Britain is moving on from the EU referendum and looking to the future. While for some time back in June and July the media had tried to spin the Bregret narrative, that quickly fell by the wayside as it became apparent that no, actually, Brexit voters were happy with their decision. With the woeful despair of some Remain supporters appearing increasingly histrionic, poll results indicated that in fact the Bregret story had been unsubstantiated and Leave voters' opinions hadn't changed.
As weeks have turned to a couple of months, it's noticeable in the attitudes and comments of a good number of Remainers that while they would still prefer to stay in the EU, they are more than capable of accepting and working with the result. The conversation is turning inevitably to how everyone, Leave and Remain, can take shared ownership of Brexit and ensure that Britain makes the best possible job of disentangling itself from the European Union in a fair and egalitarian manner.
That is, until last Saturday, when the March for Europe that took place in London saw fit to try and drag us firmly back to square one. Looking at footage of the get-together and listening to those who joined in, along with some of the great and the good who addressed them, it was as if we'd slipped back in time to 24 June, when division, self-pity, and slanderous muck-throwing poisoned the atmosphere.
On Saturday all the old bigotry and hypocrisy coagulated noxiously, as mis-shapen, fallacious conceits were tediously regurgitated: Leave voters are inherently tainted with racism and intolerance. Leave voters are stupid and neglectful, and weren't capable of making their own minds up responsibly. Leave voters were brainlessly manipulated by a lying, deceptive political class, while, incoherently, democracy is dangerous and decisions must be placed in the hands of our social superiors. And on and on, grinding out cultish, false gospel through a mental straitjacket, no wiser now than 10 weeks ago.
Christ, I thought as I portrayed the wreckage on Twitter, have we got to go through all this shit again? But, thankfully, perhaps not. Looking at the online front pages of Britain's national press on Sunday afternoon, the March for Europe (and by Europe they mean the EU) is flying way under the radar.
Only the Independent features it prominently- just below its top stories- while the Guardian has it down toward the middle of its home page. Other publications either don't feature it at all or consign it to a long downward scroll.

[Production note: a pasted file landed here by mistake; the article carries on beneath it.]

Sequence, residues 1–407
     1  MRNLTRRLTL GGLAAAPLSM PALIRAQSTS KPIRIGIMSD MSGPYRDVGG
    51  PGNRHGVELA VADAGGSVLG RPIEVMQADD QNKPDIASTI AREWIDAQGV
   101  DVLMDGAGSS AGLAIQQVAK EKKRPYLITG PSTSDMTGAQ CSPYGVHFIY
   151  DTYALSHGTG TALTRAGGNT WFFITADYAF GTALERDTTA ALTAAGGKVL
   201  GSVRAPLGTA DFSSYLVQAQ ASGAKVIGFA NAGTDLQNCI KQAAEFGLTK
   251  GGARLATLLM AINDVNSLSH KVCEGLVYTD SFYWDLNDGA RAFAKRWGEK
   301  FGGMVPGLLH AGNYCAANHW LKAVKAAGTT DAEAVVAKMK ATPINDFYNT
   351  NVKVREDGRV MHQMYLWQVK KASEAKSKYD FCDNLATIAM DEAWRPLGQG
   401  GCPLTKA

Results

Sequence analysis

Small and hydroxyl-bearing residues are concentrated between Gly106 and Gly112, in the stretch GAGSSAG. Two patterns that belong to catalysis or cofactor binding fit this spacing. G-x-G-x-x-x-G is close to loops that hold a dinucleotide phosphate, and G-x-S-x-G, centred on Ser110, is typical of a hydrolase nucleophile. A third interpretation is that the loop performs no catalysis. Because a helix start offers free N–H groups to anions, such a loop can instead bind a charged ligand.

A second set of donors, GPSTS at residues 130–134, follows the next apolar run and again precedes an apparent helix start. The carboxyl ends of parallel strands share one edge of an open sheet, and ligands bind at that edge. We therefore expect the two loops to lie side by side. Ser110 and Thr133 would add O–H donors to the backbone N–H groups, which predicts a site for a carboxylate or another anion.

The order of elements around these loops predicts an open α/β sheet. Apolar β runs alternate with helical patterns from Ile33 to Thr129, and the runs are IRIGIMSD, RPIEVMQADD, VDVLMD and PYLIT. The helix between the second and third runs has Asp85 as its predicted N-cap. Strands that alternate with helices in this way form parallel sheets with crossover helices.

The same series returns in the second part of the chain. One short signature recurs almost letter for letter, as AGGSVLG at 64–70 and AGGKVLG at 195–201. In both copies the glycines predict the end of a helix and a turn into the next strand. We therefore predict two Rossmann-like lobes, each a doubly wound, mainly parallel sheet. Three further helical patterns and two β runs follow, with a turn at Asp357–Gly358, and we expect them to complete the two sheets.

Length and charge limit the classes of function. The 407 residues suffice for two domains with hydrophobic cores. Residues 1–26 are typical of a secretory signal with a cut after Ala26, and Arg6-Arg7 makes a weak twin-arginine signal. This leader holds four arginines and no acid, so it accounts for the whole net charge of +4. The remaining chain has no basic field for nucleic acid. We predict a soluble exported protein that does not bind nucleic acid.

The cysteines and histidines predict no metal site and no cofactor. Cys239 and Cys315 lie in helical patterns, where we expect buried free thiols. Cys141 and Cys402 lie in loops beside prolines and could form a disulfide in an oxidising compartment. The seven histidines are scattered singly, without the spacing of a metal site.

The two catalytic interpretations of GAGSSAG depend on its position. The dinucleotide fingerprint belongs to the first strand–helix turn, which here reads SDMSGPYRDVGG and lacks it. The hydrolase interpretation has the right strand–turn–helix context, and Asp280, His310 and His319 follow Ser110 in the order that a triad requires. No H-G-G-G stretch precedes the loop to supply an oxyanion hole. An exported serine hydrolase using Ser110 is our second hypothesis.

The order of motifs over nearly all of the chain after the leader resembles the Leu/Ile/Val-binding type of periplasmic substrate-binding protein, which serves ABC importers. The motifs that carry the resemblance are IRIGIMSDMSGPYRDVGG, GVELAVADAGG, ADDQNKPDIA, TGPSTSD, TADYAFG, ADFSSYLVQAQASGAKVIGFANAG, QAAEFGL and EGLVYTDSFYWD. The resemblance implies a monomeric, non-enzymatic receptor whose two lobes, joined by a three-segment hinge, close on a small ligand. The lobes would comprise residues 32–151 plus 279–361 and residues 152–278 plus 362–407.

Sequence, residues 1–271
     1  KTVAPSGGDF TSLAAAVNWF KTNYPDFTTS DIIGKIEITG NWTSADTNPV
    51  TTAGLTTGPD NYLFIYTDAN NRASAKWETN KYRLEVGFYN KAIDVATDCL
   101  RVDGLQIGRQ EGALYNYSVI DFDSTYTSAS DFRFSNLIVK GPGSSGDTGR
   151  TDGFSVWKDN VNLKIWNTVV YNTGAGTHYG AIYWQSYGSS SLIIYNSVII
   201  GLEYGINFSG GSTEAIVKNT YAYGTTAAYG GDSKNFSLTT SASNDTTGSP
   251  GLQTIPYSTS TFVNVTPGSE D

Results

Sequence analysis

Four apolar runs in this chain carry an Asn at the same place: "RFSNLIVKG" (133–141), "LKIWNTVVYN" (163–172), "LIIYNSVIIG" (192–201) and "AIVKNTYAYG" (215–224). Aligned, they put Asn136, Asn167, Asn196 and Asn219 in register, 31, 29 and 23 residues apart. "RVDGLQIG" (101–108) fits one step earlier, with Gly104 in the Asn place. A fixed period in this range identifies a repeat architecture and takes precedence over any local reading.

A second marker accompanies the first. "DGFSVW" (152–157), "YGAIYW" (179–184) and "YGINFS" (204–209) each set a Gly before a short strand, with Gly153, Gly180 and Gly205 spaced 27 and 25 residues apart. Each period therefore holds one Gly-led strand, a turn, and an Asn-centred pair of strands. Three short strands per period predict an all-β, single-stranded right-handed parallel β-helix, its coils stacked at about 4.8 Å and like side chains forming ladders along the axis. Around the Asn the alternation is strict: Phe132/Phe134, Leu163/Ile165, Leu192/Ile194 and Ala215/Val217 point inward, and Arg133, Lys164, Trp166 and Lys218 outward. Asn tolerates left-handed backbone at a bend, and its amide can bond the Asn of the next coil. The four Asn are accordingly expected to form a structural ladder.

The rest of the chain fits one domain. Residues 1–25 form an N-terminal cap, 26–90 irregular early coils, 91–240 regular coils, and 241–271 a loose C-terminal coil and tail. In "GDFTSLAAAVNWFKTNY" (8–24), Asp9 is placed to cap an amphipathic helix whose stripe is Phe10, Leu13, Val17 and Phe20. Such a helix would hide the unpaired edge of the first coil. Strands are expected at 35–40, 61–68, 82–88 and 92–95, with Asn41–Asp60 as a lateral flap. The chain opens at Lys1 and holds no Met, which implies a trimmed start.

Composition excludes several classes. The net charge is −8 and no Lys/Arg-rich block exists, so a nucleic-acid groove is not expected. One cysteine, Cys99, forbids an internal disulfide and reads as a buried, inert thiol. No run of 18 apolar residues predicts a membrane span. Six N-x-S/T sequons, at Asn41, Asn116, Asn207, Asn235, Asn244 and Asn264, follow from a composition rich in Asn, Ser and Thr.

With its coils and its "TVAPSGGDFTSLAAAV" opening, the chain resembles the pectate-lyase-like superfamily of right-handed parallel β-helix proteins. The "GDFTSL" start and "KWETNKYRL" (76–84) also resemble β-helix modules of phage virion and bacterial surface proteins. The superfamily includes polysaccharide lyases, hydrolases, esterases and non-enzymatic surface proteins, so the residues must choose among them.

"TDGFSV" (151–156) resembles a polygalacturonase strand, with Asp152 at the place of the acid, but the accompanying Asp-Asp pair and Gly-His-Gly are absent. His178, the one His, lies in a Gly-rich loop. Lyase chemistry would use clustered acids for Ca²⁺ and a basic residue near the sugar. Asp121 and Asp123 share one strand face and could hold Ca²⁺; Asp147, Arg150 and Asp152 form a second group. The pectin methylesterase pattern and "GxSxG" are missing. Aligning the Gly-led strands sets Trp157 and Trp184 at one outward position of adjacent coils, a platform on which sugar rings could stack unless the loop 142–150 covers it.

This marks a major shift in the attitude of the press towards Brexit.
For several weeks after the referendum, the reporting was bleak, relentless, and- as it became increasingly detached from reality- utterly ridiculous. It went out of its way to find any small, negative event and magnify it unrealistically. It took things unrelated to Brexit and pretended they were linked. In place of providing analysis, it speculated in a recklessly biased manner, while publishing mawkish first person narratives which really just amounted to 'I'm not happy with the result'. Any good news was treated as a minor miracle and suffixed with a gratingly vapid, 'despite Brexit...'
There seems not to be a satisfactory word to describe this approach to journalism, so let's add a new one to the dictionary:
Gloomwashing was the post-referendum way of reporting, in which all bad events were entirely the fault of the feckless dunderheads who voted Leave, and any good news was the last of its kind and would soon be just a distant memory.
But this miserable phenomenon appears finally, blessedly, to have abated. The number of attendees at Saturday's protest was lower than at the previous march in July, and the news media and general public seem relatively uninterested.
What happened on Saturday is that a small assembly of well off people protested against democracy. They marched on Parliament to have a free and fair vote overturned, and to have the will of the people subverted. Essentially, they were complaining that we have been given too much democracy, that we should have less of a say in the workings of the country, and that the elites know best.
This is a remarkable new precedent in the history of protest movements around the world. It distorts liberal values and spitefully opposes self determination and the ability of adults to make decisions for themselves.
Not surprisingly, this retrograde, elitist collective is garnering very little support. They will have their way because they are the 48%, they claim without irony. It turns out that when you're in a minority and your numbers are dwindling, democracy might have the last word.
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